Thoughts on the Keystone Pipeline
Texas refineries are geared up for heavy crude from Venezuela. For obvious reasons that situation isn't ideal. A solution to that problem is the Keystone Pipeline. This commentary from Eric Newell is diplomatic but realistic as to Canada's options.
Keystone XL Pipeline important for both Canadian and U.S. economies
By Eric Newell
Climate Change and Emissions Management (CCEMC) Corporation
The world is hungry for all forms of energy. As global populations and economies grow the appetite for energy grows as well.
Canada has the third largest proven oil reserves in the world. We’re the only non-OPEC country among the top five countries with large oil reserves. Most of our oil goes south to the United States, and we are their largest foreign supplier.
The bulk of Canada’s oil is produced from the oil sands in Alberta and it has, increasingly become a target for criticism. Many of us are surprised by both the tone and the volume of the outcry; after all, we are doing a great deal right in Alberta.
Alberta first in many environment initiatives
It was Alberta which produced the first Climate Change Action Plan in Canada, back in 2002. It was the first jurisdiction in North America to legislate mandatory greenhouse gas emission reductions across all industrial sectors in 2007. It was the first province in Canada to introduce an emissions levy for large emitters. And it was the first to set a price on carbon, at $15 per tonne.
The Climate Change and Emissions Management (CCEMC) Corporation is responsible for allocating the funds collected from large emitters to clean technology projects. To date the CCEMC has allocated funds to 27 projects valued at more than $632 million. All of these projects are part of a larger effort to help move us to a lower carbon future.
In fact, Alberta is investing more in climate related technology funds than any other province in Canada.
The province is also investing more in carbon capture and storage technology on a per capita basis than any other jurisdiction in the world. Since the 1990s, Alberta has been exploring all facets of storing carbon dioxide - from running small pilots to large-scale demonstration projects, and in 2008, the province committed $2 billion to fund large scale CCS projects.
Alberta is also actively developing a world-class environmental monitoring, evaluation and reporting system forAlberta’s oil sands.
This work is especially important given the challenges ahead and growing demand for fossil fuels. Alberta is well positioned to meet growing energy demands and to do so in a responsible way.
According to a story in the Globe and Mail, some believe that by 2015 refineries in the U.S. mid-west that process Alberta crude will be at capacity. The Canadian Association of Petroleum Producers expects existing pipelines to be full by 2017 or 2018.
Simply put, Canada needs access to more refineries that can process crude from the oil sands and we need access to more markets.
There is growing demand for oil, even though the pace of growth is slowing in the U.S. and in China, the largest emerging market. The United States still consumes more oil than any other nation in the world. It imported 11 million barrels of oil a day in 2008, a figure that the White House hopes to cut by one-third by 2025.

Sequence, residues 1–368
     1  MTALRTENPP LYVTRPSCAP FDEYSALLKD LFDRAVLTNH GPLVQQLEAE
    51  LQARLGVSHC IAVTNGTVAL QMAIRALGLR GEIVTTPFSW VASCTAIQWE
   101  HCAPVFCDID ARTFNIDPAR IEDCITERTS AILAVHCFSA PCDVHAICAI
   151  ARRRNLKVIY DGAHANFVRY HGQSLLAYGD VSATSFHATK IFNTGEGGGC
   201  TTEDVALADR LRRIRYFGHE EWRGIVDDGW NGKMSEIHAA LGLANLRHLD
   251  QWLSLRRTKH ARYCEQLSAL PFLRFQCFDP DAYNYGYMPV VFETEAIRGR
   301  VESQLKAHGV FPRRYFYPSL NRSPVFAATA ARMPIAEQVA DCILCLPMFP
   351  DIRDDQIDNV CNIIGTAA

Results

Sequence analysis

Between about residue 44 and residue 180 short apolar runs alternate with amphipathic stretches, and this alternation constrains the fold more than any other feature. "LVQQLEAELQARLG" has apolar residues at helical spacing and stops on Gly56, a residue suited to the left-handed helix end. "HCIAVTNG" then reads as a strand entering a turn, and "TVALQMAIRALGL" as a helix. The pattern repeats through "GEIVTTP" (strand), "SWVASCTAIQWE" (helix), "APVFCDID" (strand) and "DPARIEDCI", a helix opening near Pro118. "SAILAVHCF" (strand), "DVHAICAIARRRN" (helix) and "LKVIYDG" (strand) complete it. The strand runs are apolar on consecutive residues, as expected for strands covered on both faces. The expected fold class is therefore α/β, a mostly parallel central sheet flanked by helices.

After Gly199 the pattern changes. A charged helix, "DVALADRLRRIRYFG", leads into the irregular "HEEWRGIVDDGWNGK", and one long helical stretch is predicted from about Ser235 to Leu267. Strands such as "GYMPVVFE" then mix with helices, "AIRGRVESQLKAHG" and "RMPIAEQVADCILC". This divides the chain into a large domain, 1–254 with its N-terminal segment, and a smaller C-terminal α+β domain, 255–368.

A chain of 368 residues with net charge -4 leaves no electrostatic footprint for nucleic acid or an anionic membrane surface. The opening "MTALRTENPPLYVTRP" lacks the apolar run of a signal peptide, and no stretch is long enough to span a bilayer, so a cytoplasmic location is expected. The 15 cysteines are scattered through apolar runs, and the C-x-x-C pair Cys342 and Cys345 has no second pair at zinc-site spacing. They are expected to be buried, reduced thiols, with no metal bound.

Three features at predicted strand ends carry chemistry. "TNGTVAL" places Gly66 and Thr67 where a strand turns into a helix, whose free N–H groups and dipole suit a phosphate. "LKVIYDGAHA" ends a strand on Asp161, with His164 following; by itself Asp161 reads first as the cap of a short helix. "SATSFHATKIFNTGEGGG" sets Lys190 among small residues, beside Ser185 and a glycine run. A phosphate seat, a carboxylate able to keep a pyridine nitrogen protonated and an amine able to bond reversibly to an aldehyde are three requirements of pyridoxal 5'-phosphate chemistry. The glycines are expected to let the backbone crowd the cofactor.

Energy and fuel efficiency programs, conservation and clean technology will reduce reliance on fossil fuels; however, the International Energy Agency still sees oil demand rising this year and next by more than one million barrels per day, based on current projections from the International Monetary Fund for GDP growth.
Previous estimates indicated that primary energy demand is projected to increase by about 36 per cent worldwide between 2008 and 2035, and according to the 2009 World Energy Outlook, by 2030, 80 per cent of this demand growth would be met by fossil fuels. While economic uncertainty brings estimates into question, it seems safe to assume that fossil fuels will continue to play an important role worldwide for years to come.
The need for new markets for Canadian oil becomes more obvious as concerns mount about the Keystone XL Pipeline. Keystone XL would deliver oil from the Alberta oil sands south to Gulf Coast refineries.
The impact of the pipeline not going ahead could be significant.
If Keystone does not proceed, the U.S. will fail to realize significant economic benefits. In the U.S., where economic concerns continue to dominate headlines, TransCanada has indicated Keystone XL would impact the U.S. economy to the tune of $20 billion.
Once it is up and running, states along the route will receive $5.2 billion in property taxes during the operating life of the pipeline. The pipeline is also expected to provide more than 20,000 manufacturing and construction jobs.
An inability to export a growing supply of bitumen presents economic concerns for Canada as well. From 2010 to 2035, the estimated investments, reinvestments and revenue from the oil sands will impact Canada’s GDP to the tune of $2,283 billion, based on a recent CERI study. If Keystone XL proceeds, western Canada’s total pipeline capacity would expand by 700,000 barrels per day. In that scenario, total Canadian GDP impact would be about another $633 billion over 25 years.
Alberta will continue to seek new markets
These are just some of the reasons that these pipelines are important both to Canada and to the United States. Even in the face of uncertainty, however, it remains clear that Alberta will continue to seek new markets, and to strengthen its relationship with our largest customer, the United States. It will also continue to be a leader in clean technology and help Canada transition to a lower carbon future.
Eric Newell is chair of the Climate Change and Emissions Management (CCEMC) Corporation.
Name: Celia Sollows
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